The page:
Nutrition and Diabetes
A meal plan gives guidelines for the types and amounts of food a person should eat for each meal and snack. Most pregnant women will require a meal plan which includes three main meals (breakfast, lunch and dinner) and 3 snacks (mid-morning, mid-afternoon and at bedtime). See below for sample meal plans.
Different foods affect blood sugar in different ways. Foods high in carbohydrates (carbs) tend to raise blood sugar more than other foods. These are the body's main source of energy. One kind of carb is sugar, found in foods such as fruit, milk and sweets. Another kind is starch, found in foods such as bread, rice, pasta and potatoes. Click here for more information on carbohydrate counting.
- Eat 3 small meals and 3 snacks every day. This will enable improved blood sugar results.
- Follow the food plan recommended by a registered dietitian or diabetes educator (see examples below).
- Limit the carbohydrates [starch, fruit, milk] eaten according to the meal plan. Concentrated sweets such as cake, cookies, candy, regular soda and kool-aid should be avoided. The use of Nutrasweet (aspartame) is safe in pregnancy and should be the substitute for sugar.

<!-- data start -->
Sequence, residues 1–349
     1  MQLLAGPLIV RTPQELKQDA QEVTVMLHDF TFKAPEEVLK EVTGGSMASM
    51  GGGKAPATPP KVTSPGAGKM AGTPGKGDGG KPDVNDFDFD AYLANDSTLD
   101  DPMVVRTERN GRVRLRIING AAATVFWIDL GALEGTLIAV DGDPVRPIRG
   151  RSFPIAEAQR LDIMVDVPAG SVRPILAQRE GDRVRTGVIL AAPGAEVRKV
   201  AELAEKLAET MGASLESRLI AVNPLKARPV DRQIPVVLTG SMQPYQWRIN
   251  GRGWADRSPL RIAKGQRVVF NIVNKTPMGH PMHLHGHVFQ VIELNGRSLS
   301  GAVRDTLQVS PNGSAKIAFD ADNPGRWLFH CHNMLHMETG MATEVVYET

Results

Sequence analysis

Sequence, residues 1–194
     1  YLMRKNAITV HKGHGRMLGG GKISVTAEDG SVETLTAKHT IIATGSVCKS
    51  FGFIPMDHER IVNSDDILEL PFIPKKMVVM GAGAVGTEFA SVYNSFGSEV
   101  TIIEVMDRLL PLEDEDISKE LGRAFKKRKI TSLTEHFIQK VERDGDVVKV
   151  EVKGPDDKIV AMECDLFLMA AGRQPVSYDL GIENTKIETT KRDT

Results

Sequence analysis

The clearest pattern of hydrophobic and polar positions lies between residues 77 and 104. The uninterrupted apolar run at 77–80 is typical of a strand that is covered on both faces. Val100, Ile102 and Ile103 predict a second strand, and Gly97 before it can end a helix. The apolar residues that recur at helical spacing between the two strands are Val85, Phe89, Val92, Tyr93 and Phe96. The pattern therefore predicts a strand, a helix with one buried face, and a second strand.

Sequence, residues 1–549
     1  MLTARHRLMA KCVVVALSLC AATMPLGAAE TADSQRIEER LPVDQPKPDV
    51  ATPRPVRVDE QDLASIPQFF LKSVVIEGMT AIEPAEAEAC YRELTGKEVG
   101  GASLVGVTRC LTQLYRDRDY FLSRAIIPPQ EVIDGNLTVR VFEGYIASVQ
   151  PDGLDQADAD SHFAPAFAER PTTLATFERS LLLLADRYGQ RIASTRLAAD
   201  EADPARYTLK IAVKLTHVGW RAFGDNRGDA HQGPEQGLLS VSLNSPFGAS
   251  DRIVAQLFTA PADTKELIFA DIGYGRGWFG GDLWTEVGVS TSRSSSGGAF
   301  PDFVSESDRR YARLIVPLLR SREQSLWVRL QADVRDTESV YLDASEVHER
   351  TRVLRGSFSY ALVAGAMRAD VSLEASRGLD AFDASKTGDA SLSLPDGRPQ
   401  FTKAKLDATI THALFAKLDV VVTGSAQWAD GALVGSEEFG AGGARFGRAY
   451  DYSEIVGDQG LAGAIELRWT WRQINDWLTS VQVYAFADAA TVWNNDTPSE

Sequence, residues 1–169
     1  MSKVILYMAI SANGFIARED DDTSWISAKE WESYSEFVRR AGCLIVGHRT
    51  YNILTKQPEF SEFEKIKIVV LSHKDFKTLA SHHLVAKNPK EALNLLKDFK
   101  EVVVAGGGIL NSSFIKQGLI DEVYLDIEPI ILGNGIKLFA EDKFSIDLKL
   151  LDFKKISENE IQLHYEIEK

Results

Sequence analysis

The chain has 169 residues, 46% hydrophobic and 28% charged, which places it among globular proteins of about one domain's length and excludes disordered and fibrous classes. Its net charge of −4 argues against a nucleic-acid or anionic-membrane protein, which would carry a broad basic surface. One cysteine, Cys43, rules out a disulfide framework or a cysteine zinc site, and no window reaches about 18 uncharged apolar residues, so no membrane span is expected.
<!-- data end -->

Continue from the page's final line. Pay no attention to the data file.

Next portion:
- Always read labels on food containers
- select foods that are low in sugar [< 5gm per serving]. Each serving of milk or fruit has 11-15 gm of sugar.
- low in fat [< 3 gm per serving]
- high in fiber [> 3 gm per serving] e.g. breads, cereals
- lower in salt [< 200 mg per serving]
- Wait at least 2 to 3 hours between all meals and snacks.
- DO NOT SKIP SNACKS, these are a very important part of the diet plan and will help you keep blood sugars at a normal range
SAMPLE MEAL PLAN
1800-2000 calorie diet *
Breakfast 08:00 AM
AM Snack 10:00 AM
Lunch 12:00 Noon
PM Snack 03:00 PM
Dinner 06:00 PM
Bedtime Snack 09:00 PM